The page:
Why are Ellen White's writings called the Spirit of Prophecy?

Questions & Answers January 15, 2017

Q: Why are books by Ellen White branded as the “Spirit of Prophecy” while Jesus is the Spirit of Prophecy in Revelation 19:10? — Anyar, from South Sudan

A: According to the angel who spoke to John in Revelation 19:10, the spirit of prophecy is not Jesus Himself but “the testimony of Jesus.”

What, then, is “the testimony of Jesus”? The angel says that it is something John’s “brethren” have, whom the angel later calls “the prophets” (Revelation 22:9). In other words, the testimony of Jesus is the inspired message of Jesus to His people through the prophets. That’s why it’s connected with “the word of God” and “all things that he [John] saw” in Revelation 1:2.

Another important mention of “the testimony of Jesus” is found in Revelation 12:17, which describes God’s end-time remnant people as those “who keep the commandments of God and have the testimony of Jesus Christ.”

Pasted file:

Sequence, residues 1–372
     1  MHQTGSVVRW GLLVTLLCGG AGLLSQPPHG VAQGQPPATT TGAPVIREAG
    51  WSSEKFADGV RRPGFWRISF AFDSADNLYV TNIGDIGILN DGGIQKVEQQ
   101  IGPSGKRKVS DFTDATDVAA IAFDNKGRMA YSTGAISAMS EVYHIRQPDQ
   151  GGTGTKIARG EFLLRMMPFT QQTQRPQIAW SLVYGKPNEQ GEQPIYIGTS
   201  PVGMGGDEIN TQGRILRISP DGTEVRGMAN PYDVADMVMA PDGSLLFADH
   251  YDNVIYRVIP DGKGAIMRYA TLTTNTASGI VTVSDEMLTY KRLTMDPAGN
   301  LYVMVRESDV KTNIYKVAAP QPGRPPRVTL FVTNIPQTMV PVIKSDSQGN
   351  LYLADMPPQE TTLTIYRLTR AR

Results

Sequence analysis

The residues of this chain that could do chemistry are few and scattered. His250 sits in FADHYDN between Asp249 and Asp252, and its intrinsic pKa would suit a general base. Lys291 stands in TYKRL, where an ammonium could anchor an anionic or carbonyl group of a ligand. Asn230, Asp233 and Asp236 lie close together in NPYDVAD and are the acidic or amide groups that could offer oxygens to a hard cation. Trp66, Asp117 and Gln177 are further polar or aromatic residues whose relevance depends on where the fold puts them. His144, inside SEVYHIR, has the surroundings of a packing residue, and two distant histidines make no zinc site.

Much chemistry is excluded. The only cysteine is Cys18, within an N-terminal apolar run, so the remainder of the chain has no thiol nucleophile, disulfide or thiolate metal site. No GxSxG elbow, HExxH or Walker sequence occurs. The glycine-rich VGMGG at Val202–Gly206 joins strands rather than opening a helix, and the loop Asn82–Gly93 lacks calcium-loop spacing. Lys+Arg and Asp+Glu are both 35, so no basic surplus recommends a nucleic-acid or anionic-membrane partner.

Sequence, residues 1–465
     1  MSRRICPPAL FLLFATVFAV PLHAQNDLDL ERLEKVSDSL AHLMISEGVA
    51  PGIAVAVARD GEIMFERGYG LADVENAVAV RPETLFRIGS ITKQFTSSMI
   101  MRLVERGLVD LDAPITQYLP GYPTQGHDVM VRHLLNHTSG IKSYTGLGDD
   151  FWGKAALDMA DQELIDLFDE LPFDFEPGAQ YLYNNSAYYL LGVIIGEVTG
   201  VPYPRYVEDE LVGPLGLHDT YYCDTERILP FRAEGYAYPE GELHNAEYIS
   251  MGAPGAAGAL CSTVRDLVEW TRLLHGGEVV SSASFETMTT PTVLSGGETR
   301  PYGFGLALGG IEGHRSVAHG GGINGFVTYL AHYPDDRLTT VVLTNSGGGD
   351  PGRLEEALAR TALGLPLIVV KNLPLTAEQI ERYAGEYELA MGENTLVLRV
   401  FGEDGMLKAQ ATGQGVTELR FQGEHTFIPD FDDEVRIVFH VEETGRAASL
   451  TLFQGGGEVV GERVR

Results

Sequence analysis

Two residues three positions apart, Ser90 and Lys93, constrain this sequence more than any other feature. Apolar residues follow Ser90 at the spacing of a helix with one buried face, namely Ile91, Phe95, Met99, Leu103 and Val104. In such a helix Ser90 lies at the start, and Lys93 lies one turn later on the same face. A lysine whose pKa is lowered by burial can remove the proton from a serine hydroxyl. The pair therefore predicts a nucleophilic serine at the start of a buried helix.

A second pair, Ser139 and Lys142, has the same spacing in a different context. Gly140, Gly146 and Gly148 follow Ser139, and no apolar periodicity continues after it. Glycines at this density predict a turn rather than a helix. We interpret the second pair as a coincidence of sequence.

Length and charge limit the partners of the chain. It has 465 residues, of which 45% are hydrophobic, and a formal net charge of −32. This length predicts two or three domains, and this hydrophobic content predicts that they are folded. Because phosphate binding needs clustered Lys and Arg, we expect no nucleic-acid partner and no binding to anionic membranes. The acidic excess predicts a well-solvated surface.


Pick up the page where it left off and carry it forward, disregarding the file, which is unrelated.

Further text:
According to this prophecy, there are two key qualities by which God’s remnant church can be identified and by which they are distinguished from the countless other Christian churches that exist today: (1) they keep the Ten Commandments, including the seventh-day Sabbath (see Exodus 20:8-11), which is Saturday, and (2) they have messages from Jesus through “the spirit of prophecy.”

Seventh-day Adventists recognize that the gift of prophecy was manifested in the ministry and writings of Ellen G. White. While technically, “the spirit of prophecy” refers to inspired messages from God (or Jesus) throughout history, we refer to the writings of Ellen White as “the Spirit of Prophecy” in order to draw special attention to the inspired messages God has given us in the last days, which are a fulfillment of Revelation 12:17.

Interestingly, Ellen White uses “spirit of prophecy” both ways, to refer to inspired messages from God in Bible times (see “Patriarchs and Prophets,” p. 366) as well as to her own writings (see “Selected Messages,” book 3, pp. 30, 38; “Testimonies for the Church,” vol. 4, p. 12), which, as we have seen, is in harmony with the Bible’s own use of the term.

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